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What if legal personality included plants, rivers and the planet?

A new podcast explores the nature rights movement and its potential to evolve Western legal doctrine around environmental protection.


“People think laws are so objective and serious, and almost divorced from social norms,” says investigative climate journalist Amy Westervelt. “But it’s really only a handful of people’s beliefs that have been incorporated into the law.”

Discovering what beliefs shaped existing environmental law led her to report on an emerging legal arena that is making headlines around the world: rights of nature laws. To explore the fascinating stories and characters behind some of the 200 cases currently underway, Westervelt is launching a new podcast today titled damagedescribed as “Law and order responds to the climate crisis.

The idea behind the rights-of-nature approach extrapolates the Western legal system’s insistence that a society is viewed as a person. If this is legally true, then why not grant legal personality to a watershed or a forest? For those who grew up indoctrinated by the existing legal system, Westervelt says their initial response often comes with a taunt: “So what could a tree sue me for?”

But beyond that initial skepticism, she sees a lot of practicality and possibility in the approach. Take, for example, a polluted lake. “It’s almost impossible to say that my cancer was caused by this chemical in the water,” she says. “But it’s super easy, scientifically, to say that this chemical in that water is destroying that watershed.”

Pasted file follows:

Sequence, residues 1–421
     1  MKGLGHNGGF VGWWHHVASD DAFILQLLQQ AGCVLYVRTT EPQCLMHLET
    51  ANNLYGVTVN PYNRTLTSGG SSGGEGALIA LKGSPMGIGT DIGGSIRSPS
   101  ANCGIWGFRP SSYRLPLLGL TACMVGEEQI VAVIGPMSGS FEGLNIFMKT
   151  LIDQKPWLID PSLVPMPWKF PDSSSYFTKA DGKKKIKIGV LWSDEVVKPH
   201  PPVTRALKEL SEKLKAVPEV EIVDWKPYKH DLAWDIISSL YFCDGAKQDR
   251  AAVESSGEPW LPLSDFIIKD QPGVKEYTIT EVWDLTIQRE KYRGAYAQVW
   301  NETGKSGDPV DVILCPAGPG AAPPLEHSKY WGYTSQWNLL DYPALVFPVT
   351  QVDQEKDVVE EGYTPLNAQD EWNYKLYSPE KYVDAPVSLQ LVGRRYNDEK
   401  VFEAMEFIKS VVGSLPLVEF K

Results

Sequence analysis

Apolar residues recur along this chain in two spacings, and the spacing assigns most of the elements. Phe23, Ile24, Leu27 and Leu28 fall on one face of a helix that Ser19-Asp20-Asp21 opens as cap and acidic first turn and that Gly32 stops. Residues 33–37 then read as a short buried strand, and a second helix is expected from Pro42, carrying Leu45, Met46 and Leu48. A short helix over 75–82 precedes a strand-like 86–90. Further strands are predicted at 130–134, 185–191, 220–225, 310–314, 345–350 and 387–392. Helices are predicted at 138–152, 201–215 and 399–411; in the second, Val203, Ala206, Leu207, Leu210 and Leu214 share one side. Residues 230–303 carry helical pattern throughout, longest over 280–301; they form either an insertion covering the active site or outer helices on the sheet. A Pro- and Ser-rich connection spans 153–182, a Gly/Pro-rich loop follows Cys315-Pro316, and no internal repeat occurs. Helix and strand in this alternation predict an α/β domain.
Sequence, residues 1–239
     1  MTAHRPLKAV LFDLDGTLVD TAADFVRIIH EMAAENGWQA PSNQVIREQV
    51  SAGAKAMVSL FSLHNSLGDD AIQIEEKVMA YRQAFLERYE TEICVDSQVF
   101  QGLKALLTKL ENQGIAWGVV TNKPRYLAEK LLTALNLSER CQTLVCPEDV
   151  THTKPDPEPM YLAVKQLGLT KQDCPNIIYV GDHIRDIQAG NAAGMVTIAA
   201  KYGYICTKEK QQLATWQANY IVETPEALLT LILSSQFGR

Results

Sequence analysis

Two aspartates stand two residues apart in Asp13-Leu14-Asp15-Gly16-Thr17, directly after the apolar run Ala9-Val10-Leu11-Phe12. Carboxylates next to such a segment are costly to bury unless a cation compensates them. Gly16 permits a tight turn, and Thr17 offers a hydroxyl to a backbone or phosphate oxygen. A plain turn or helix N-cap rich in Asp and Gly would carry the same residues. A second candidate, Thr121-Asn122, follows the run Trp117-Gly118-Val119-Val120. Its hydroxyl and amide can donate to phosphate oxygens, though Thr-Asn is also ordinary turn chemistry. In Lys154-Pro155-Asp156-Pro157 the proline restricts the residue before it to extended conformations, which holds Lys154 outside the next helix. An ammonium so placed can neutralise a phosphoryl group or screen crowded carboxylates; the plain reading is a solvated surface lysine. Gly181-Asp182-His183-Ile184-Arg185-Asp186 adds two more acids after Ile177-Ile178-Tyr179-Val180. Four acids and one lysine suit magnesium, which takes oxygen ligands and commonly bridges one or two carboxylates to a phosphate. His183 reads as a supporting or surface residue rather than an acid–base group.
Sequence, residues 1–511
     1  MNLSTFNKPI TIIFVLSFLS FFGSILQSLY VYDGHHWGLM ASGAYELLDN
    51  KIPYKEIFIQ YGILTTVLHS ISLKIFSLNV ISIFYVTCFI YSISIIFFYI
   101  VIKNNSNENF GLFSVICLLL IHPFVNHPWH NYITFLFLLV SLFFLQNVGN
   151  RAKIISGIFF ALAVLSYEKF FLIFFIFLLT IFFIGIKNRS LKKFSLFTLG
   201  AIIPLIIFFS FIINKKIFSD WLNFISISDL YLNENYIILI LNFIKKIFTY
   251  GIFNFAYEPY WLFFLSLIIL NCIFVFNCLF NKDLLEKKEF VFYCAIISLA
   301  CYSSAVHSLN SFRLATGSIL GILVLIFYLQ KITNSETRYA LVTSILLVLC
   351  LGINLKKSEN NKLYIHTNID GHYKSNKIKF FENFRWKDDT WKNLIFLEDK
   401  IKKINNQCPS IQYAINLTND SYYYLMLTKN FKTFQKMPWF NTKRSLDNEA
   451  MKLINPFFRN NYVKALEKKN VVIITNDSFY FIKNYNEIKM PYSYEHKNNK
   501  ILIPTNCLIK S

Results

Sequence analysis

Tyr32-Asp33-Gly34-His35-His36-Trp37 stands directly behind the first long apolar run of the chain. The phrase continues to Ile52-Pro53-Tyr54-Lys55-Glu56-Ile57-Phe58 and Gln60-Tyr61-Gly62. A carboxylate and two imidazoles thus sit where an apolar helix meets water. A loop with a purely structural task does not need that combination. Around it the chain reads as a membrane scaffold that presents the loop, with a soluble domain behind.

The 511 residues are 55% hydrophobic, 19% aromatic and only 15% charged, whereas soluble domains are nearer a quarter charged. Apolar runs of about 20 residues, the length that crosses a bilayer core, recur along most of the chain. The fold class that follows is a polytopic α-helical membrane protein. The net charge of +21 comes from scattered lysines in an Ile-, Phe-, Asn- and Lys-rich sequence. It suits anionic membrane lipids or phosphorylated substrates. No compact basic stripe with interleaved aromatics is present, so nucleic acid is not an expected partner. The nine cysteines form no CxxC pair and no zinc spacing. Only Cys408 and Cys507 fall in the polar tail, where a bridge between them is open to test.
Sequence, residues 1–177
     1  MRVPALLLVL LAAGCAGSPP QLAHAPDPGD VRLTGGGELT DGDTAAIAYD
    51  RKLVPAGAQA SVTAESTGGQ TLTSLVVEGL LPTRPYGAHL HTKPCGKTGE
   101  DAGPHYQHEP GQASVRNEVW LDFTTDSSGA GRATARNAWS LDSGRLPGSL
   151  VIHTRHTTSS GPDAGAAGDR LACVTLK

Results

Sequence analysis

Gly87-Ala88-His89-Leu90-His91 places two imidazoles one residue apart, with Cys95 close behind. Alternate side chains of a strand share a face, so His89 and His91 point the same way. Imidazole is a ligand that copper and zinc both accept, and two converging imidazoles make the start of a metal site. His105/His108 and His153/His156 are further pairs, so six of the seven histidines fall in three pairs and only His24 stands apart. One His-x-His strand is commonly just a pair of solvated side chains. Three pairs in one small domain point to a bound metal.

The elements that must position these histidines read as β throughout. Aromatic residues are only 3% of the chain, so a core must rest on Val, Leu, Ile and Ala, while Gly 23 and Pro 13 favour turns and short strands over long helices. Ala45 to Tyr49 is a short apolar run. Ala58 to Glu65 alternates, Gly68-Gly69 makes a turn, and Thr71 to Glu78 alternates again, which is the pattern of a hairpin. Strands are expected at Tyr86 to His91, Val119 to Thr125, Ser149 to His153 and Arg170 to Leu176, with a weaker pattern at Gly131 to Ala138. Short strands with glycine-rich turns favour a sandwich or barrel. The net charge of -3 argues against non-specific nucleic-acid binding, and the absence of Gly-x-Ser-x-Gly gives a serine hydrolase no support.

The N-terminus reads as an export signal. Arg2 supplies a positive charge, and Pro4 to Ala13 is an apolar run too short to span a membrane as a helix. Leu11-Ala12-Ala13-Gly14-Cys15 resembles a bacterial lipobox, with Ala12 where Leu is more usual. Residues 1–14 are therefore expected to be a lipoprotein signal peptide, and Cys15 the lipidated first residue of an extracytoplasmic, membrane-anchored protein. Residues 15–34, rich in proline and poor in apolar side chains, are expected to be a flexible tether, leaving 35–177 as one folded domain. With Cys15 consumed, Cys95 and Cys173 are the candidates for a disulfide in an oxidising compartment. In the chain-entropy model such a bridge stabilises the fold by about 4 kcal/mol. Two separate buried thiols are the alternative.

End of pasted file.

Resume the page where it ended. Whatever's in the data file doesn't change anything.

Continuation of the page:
And in this way, granting nature its own rights could provide a way to protect specific environments – and the communities that depend on them. Because, she points out, “humans actually need ecosystems to live much more than we need businesses.”

The proof is in the repression

When it comes to protecting the environment, most existing laws are human-centric. They focus on people’s rights to a healthy environment. Westervelt says more than 100 countries have such laws on the books. Yet, since they require establishing a direct causal link between a pollutant and an effect on human health, it can be difficult to win a case in court.

Natural rights cases, on the other hand, “play the long game,” as Westervelt puts it. They approach legal arguments with a completely different philosophy and timescale. According to Westervelt, integrating the rights of nature into the constitutions of municipalities, states, and countries could change the fundamental approach to how environmental affairs are handled.

And it could work well. She says the proof is in the repression.

“We’re starting to see preventative laws being passed to block rights of nature legislation,” Westervelt says. Ohio, Florida and, more recently, Missouri have passed laws to this effect, a backlash she explores in Episode 5 of the podcast. “That’s always a key indicator that something is working, isn’t it?” said Westervelt. “They don’t pass preventative laws against calling your representatives, let’s put it that way.”

The other strength of this rights-of-nature approach to environmental protection lies in the surprising coalitions it creates. “The Lake Erie Bill of Rights isn’t a bunch of hippies in San Francisco. It’s suburban moms in Toledo, Ohio,” Westervelt says. industry and the right on how [rights of nature laws have] has progressed in this country is that you really see it appear in the Rust Belt, in the working-class towns of the Midwest.

Take fracking, for example. A person in Pennsylvania might be upset that their neighbor has a fracking well that has destroyed water from surrounding wells, rendering their land essentially worthless. So, says Westervelt, you have right-wing, anti-government libertarians fighting in defense of private property alongside Indigenous leaders who are defending the watershed’s right to life.

The motivations can be very different, but Westervelt says the results they’re fighting for are actually quite compatible.